Components of the 10-Year Treasury Yield

An interesting chart from the IMF showing the components of the 10-year Treasury yield.   Note how oxymoronic credit risk (in pink)  crept into the “risk-free” 10-year rate starting around the collapse of Bear Sterns.   The IMF opines on what has driven yields from their 2.33 percent October low,

In sum, this analysis suggests that fiscal concerns do not appear to have led to a higher cost of funding during the most recent run-up in nominal bond yields. Rather, improving growth prospects and higher term premia are the main factors pressuring long-term rates higher. Furthermore, QE2 does not appear to have contained long-term rates. While the anticipation of QE2 initially led to a sharp compression in term premia, that impact was either fleeting or has been more than offset by other factors.

It’s an interesting exercise and just imagine where rates would be had not the FED effectively funded over 60 percent of the Q4 deficit.  We believe Treasury yields are now one of the most distorted prices in the world.   Except for the massive flight to quality during the financial collapse,  foreign central bank recycling of BoP surpluses and now the Fed have been the marginal buyer of Treasuries (maybe not all 10-years)  since mid-last decade.   In fact,  the Fed and foreign buyers effectively purchased the entire stock of new Treasury issuance in Q4.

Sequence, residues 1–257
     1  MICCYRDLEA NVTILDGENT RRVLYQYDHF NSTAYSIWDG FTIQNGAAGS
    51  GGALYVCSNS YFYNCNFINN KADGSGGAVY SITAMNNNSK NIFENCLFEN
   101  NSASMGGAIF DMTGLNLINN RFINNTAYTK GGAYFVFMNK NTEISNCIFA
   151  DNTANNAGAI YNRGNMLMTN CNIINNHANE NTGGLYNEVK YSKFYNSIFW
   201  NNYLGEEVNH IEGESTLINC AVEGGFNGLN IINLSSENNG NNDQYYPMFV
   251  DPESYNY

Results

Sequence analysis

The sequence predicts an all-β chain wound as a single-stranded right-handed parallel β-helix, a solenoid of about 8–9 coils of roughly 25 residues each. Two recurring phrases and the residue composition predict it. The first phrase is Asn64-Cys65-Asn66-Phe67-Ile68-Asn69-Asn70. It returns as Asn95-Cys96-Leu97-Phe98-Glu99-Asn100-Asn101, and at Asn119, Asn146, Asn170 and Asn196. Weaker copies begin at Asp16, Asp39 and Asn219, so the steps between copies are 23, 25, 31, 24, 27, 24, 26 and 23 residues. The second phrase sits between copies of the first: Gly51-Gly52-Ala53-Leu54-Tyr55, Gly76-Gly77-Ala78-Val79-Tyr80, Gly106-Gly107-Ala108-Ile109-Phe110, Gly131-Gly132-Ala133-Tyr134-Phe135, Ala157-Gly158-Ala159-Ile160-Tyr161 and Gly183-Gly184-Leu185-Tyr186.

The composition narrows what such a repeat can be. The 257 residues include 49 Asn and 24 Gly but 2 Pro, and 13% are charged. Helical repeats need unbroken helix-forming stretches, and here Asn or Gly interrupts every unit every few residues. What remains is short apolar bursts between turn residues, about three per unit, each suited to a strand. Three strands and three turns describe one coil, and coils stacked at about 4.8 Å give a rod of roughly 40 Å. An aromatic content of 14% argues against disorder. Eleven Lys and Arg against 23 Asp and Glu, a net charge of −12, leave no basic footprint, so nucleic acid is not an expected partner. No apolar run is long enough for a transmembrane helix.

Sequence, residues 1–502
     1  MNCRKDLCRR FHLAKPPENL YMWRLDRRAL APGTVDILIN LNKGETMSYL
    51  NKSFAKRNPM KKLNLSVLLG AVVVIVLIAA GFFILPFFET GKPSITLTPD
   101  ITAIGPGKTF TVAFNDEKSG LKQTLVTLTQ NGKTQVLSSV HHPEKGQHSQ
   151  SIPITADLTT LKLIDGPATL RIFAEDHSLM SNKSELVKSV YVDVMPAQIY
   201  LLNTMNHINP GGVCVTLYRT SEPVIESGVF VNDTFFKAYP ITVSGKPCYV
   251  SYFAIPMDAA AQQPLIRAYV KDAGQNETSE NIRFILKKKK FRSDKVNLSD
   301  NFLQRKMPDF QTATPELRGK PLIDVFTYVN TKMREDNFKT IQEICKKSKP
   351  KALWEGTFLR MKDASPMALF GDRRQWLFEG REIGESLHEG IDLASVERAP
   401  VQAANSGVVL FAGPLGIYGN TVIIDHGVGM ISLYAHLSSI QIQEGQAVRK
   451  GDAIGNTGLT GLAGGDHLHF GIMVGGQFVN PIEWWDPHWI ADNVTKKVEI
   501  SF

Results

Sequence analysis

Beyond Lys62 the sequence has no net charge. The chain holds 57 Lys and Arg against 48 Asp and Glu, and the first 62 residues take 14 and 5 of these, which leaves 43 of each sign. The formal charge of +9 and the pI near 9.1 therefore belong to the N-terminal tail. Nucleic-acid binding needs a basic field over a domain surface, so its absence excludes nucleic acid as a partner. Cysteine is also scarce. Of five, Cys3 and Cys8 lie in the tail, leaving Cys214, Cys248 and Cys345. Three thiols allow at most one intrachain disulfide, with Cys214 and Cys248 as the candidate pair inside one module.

Alan Greenspan even blamed  foreign central banks for distorting interest rates and contributing to the housing bubble.  Newsweek writes,

From early 2001 to June 2003, the Fed cut the overnight fed-funds rate from 6.5 percent to 1 percent. The idea was to prevent a brutal recession following the “tech bubble”—a policy Greenspan still supports. The trouble arose when the Fed started raising the funds rate in mid-2004 and mortgage rates didn’t follow as they usually did. What unexpectedly kept rates down, Greenspan says, were huge flows of foreign money, generated partially by trade surpluses, into U.S. bonds and mortgages.

So you think the distortion of the most important component of the credit allocation mechanism has anything to do with the credit crisis, the enabling of $1.5 TN budget deficits, and now why the private sector is hesitant to make long-term mortgages?  We certainly do and look forward to seeing this chart updated after if the Cen Banks stop buying Treasuries.

Could it also be why the President is finally getting religion on the country’s fiscal position?    We’re not certain where this all ends up,  but it is certainly going to get very interesting.  Stay tuned.

(click here if chart is not observable)

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